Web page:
Money or Conscience: That is the Question

October 25, 2008 Updated: October 1, 2015
A worker removes melamine-tainted milk powder from the shelf in a supermarket in September in Beijing, China. All the major brands are affected. (China Photos/Getty Images)
A worker removes melamine-tainted milk powder from the shelf in a supermarket in September in Beijing, China. All the major brands are affected. (China Photos/Getty Images)

A recent survey in China showed that more than half of Chinese customers now have less trust in New Zealand dairy products. From the perspective of business, Fonterra’s investment in China is in tatters.

The melamine milk powder scandal has seen Fonterra, as Sanlu’s 43 percent shareholder and one of the largest dairy enterprises in the world, write the company down by NZ$139 million.

In fact, Fonterra is only a typical example of the countless failures experienced by western enterprises, which invest billions of dollars in cheap Chinese goods, but turn a blind eye to the corrupt nature of the Chinese communist regime. Unfortunately, these investments were destined to go down the drain from the beginning, because anyone who goes into business with the most totalitarian regime in history surely must not expect anything different.

Whenever Western governments or enterprises are preparing to sign trade agreements with the Chinese Communist Party (CCP), human rights organizations and NGOs actively raise the issue of human rights.

They ask politicians and CEOs to think about the human rights record of the CCP; including live organ harvesting from Falun Gong practitioners; the slaughter of Tibetans; arrests of democracy advocates; continuing the supply of weapons to Zimbabwe; financing Burma and North Korea's military dictatorships; and offering protection to propagators of the genocide in Darfur.

Money invested in China is used by the CCP to repress Chinese people and extend its manipulation tactics around the world.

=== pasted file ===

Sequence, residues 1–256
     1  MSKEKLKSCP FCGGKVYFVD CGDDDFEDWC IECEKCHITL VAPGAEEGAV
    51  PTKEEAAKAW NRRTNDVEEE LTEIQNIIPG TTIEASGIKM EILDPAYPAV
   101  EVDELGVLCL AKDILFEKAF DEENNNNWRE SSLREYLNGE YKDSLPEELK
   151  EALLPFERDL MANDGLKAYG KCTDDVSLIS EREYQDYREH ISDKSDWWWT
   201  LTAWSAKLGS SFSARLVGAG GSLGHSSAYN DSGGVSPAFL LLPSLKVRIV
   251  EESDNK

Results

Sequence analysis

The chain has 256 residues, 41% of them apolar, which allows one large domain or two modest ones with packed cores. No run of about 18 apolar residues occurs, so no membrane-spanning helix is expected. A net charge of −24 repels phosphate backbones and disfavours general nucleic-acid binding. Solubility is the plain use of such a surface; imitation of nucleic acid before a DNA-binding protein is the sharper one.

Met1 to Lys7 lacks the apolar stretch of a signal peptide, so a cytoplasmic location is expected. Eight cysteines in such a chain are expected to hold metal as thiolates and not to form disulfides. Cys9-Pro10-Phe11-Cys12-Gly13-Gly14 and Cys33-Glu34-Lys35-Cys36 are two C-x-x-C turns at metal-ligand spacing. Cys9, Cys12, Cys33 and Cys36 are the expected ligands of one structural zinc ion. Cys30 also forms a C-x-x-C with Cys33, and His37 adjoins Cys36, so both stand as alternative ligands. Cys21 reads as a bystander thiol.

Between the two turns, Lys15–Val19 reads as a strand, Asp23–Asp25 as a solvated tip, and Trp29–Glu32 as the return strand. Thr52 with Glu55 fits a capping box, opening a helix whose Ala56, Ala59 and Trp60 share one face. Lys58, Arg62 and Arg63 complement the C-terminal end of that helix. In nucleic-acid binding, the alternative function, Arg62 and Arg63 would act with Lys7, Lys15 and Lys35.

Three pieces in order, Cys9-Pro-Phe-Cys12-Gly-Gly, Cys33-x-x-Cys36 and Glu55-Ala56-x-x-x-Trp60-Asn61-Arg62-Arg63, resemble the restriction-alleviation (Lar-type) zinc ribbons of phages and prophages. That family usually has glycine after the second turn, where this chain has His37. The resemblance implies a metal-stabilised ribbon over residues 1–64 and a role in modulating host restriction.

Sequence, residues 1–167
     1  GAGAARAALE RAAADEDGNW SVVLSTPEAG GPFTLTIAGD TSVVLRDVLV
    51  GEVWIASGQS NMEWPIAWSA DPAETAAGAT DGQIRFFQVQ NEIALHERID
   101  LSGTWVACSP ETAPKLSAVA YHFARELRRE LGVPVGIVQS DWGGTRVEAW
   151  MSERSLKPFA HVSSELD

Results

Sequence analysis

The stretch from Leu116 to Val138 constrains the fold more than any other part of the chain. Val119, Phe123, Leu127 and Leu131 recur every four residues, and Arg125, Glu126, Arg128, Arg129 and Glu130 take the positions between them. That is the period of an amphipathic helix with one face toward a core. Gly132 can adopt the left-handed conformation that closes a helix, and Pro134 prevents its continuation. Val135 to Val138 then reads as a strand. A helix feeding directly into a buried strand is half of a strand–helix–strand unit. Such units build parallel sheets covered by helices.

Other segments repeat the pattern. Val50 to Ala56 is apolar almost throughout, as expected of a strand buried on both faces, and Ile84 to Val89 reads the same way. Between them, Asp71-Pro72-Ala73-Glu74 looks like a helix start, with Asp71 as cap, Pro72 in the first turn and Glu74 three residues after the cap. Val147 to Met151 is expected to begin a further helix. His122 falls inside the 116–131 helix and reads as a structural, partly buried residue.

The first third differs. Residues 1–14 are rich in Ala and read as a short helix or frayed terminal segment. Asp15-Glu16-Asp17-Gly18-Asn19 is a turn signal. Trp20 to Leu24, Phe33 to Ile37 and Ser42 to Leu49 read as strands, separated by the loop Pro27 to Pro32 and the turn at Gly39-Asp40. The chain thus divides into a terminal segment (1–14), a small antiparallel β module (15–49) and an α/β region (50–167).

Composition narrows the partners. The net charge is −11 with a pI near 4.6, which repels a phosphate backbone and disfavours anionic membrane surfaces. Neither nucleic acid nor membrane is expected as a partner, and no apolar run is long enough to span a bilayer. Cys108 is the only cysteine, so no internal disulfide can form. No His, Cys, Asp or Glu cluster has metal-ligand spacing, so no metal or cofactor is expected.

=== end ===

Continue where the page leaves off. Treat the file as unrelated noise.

Western companies often say they value “freedom”, “democracy” and “human rights” yet when faced with human rights atrocities, they are quick to undermine their own principles for profit.

Business and human rights are two different terms but they cannot be separated. How would we look upon foreign enterprises doing business with Hitler while he was slaughtering Jews? If business and human rights are completely separate, why does the UN adopt economic sanctions against some dictatorships?

When politicians and CEOs turn a blind eye to the Chinese Communist Party's continuing atrocities, they actually give up their conscience, their standard to distinguish good from bad.

The old Chinese saying: “Doing good is rewarded; doing evil is punished” is similar to the Western saying: “As ye sow, so shall ye reap.” Here are some events to think about.

In August, western leaders attended the Beijing Olympics on invitation from the CCP—an event that was widely seen as effort by the regime to gain legitimacy in the world. In October, the West encountered the worst financial crash in history.

In April a New Zealand trade delegation, signed a free trade agreement with the CCP. In October, Fonterra, the largest enterprise in New Zealand, became entangled in the Chinese milk scandal.

In October, Peter Mandelson, the new UK Minister of Business, was rushed to hospital with kidney stones. A week earlier, at one of his last press conferences as EU Trade Commissioner, Mr Mandelson gulped a glass of Chinese yoghurt, saying,"I shall continue drinking my favourite milk product which I enjoy and which does not make me nervous.”

If Shakespeare were alive today, he would probably say: "Money or conscience: that is the question."

Views expressed in this article are the opinions of the author and do not necessarily reflect the views of The Epoch Times.

Qi Hua
Qi Hua